What is the Difference Between a Corporate Trustee and Individual Trustee?

Unless you’re a budding professional in the financial sector, chances are you’re not an expert on wealth planning. Saying that the financial industry is complex is something like pizza is “just okay,” mostly because it’s a total understatement. So, when it comes time to do wealth planning, and to a trust, in particular, choosing between an individual and a corporate trustee requires adequate research, advanced planning, and some truly careful consideration. Here’s how to determine which is best for your trust.

The ins and outs of individual trustees

More often than not, people tend to choose individuals as trustees for their trust. In some cases, you may act as the individual trustee during your lifetime. In others, it could be a family member or even a close personal friend. However, personal accountants and even lawyers often qualify as individual trustees. When it comes to your finances, it might seem like the simple choice if you’re deciding between someone you know and trust versus a faceless corporation.

Individual trustees do indeed have advantages. These include personal knowledge of the trust and your financial situation, particularly if you choose a family member or close friend. Plus, you may consider the individual more reliable. Even with lawyers and personal accountants, you can run a free government background check to verify their reputation and trustworthiness. Individual trustees, on the whole, also tend to be less expensive.

Individual trustees also come with a handful of disadvantages, too. They make lack proper investment experience to make educated financial decisions on your behalf. This may even apply to you so if you doubt your financial know-how, you may want to consider going corporate. There’s also the potential strain on your relationships with friends and family because money has a distinct way of complicating things that you might not even foresee. Lastly, going the individual route can often mean that you’re going to be wanting for outside expertise. This means, of course, that you’ll be facing down added expenses to hire on an external financial advisor, attorney, or accountant. So, if not an individual trustee, what about a corporate one?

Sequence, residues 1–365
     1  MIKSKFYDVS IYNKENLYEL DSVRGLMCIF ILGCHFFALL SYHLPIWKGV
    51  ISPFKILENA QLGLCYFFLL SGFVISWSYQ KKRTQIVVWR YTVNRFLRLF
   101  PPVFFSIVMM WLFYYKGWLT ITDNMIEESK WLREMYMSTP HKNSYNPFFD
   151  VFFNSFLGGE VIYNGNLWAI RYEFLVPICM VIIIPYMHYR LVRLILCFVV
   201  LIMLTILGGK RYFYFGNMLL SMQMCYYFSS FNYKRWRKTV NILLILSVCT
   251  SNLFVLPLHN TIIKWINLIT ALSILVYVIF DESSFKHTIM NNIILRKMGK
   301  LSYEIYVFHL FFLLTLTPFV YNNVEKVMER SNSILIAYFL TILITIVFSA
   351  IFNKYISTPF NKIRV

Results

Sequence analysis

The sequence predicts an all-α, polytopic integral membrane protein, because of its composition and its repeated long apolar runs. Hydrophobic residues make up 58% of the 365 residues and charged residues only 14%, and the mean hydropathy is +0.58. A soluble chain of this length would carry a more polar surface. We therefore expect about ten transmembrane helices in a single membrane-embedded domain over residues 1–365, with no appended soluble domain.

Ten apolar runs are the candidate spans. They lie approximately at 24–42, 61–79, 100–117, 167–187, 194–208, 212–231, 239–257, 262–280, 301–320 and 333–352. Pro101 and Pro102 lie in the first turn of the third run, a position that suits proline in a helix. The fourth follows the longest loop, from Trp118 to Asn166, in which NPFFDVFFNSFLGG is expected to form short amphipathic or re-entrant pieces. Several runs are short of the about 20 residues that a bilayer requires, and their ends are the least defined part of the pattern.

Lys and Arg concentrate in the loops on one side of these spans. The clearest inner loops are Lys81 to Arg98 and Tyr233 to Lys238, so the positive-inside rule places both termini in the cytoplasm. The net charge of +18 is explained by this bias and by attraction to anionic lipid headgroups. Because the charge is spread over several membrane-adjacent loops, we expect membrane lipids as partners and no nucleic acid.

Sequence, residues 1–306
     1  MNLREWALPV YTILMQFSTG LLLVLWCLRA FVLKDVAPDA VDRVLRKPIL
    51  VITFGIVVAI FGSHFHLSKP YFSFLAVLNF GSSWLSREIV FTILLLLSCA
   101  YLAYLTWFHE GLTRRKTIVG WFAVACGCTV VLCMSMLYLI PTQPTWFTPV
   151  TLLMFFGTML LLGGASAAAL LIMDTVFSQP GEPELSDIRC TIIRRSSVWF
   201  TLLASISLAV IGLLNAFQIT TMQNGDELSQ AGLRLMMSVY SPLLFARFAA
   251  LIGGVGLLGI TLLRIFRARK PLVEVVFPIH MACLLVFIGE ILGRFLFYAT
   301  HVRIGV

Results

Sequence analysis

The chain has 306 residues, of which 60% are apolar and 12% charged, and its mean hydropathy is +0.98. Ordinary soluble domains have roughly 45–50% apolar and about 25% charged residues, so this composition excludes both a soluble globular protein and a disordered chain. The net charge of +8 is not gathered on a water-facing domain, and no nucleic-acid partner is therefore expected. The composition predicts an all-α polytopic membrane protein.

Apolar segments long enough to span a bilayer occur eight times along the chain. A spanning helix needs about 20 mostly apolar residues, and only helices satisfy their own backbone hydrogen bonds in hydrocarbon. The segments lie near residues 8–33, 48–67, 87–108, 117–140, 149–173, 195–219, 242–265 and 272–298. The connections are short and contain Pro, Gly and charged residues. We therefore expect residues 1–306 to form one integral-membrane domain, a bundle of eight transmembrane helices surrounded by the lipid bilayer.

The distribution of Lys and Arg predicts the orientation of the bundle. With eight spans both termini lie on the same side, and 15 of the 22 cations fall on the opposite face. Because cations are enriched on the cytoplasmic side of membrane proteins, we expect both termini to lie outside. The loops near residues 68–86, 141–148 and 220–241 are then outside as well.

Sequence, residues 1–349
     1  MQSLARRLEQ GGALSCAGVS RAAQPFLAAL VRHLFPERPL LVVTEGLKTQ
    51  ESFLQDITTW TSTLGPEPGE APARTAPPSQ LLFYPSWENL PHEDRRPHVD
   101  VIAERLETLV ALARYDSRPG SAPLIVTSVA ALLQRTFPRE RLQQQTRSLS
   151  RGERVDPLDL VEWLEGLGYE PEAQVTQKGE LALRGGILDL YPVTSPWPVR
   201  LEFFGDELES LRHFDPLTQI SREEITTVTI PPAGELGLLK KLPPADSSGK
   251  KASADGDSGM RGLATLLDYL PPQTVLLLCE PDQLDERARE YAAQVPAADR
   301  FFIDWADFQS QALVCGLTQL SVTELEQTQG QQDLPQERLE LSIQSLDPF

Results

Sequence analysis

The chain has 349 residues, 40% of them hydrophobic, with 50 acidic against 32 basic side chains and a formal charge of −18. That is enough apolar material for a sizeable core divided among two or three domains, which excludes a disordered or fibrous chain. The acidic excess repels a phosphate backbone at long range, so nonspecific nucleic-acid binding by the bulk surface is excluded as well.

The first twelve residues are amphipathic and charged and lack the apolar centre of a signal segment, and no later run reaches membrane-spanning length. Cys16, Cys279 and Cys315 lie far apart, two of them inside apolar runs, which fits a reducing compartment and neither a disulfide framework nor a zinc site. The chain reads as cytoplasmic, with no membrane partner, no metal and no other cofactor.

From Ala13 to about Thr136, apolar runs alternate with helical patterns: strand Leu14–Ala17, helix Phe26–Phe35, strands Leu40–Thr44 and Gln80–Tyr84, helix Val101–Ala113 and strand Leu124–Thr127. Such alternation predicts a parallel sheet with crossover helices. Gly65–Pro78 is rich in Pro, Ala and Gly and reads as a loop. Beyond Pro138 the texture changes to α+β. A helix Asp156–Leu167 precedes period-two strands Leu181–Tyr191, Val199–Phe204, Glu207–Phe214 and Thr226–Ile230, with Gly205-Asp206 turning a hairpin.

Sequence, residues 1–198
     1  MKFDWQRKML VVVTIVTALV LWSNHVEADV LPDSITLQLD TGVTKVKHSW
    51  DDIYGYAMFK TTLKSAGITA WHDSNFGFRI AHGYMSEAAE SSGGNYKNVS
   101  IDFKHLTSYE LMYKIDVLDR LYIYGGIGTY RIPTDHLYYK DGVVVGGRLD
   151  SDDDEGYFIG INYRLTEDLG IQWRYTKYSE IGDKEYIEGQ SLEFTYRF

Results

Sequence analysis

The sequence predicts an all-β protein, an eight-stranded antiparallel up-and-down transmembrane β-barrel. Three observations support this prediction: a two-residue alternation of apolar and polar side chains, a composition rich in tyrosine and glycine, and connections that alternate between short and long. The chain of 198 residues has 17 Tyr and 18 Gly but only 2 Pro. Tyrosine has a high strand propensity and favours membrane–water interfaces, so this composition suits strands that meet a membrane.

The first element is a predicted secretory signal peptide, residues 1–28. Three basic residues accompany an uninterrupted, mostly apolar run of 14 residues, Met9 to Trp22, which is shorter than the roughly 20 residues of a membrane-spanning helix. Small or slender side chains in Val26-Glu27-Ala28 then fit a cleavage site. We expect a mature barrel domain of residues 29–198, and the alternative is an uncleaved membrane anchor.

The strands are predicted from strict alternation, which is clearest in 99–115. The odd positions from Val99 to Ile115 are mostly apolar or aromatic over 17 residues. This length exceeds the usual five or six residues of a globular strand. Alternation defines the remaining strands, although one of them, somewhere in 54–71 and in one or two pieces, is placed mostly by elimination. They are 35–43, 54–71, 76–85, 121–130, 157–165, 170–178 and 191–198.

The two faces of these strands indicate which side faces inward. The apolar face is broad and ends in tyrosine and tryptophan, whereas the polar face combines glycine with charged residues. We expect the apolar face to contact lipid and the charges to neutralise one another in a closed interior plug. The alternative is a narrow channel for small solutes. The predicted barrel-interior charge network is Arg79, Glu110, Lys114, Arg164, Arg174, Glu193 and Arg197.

Pros and cons of corporate trustees

Choosing a corporate trustee means that you need to carefully way all of the factors of your unique financial situation. This is especially important if you’re setting up a trust that will only take effect after your passing. Too often, the beneficiaries are the only ones adequately monitoring the trust which can lead to conflicts of interest. With a Corporate Trustee, you’re not relying on one individual to handle all of the moving parts of trust but rather a team of financial and legal experts that can handle the execution of the trust when the time comes.

There are plenty of reasons to choose a corporate trustee over an individual, including the aforementioned subject matter expertise. Corporate trustees are well-versed in tax, law, and even investing so they understand how to maintain and execute the trust correctly. Plus, whereas individual trustees can cause familial and friendship strains, corporate trustees are known for their general fairness, lack of bias, and informed decision-making. They also have the resources to maintain compliance and address any complex issues that may arise.

Of course, corporate trustees also have drawbacks, too. For many, these issues boil down to one underlying theme: A distaste for corporations and their access to personal finances. While this shouldn’t be the sole deciding factor, it’s understandable given the number of entities, even outside the financial sector, that have experienced scandals involving information and data breaches, financial security crises, and compromised consumer privacy.

Regardless of which option you choose, it’s important to do your due diligence before signing any legal documents or making any agreements. A trust can have an immense impact on both you and the beneficiaries and it isn’t a decision to be taken lightly.

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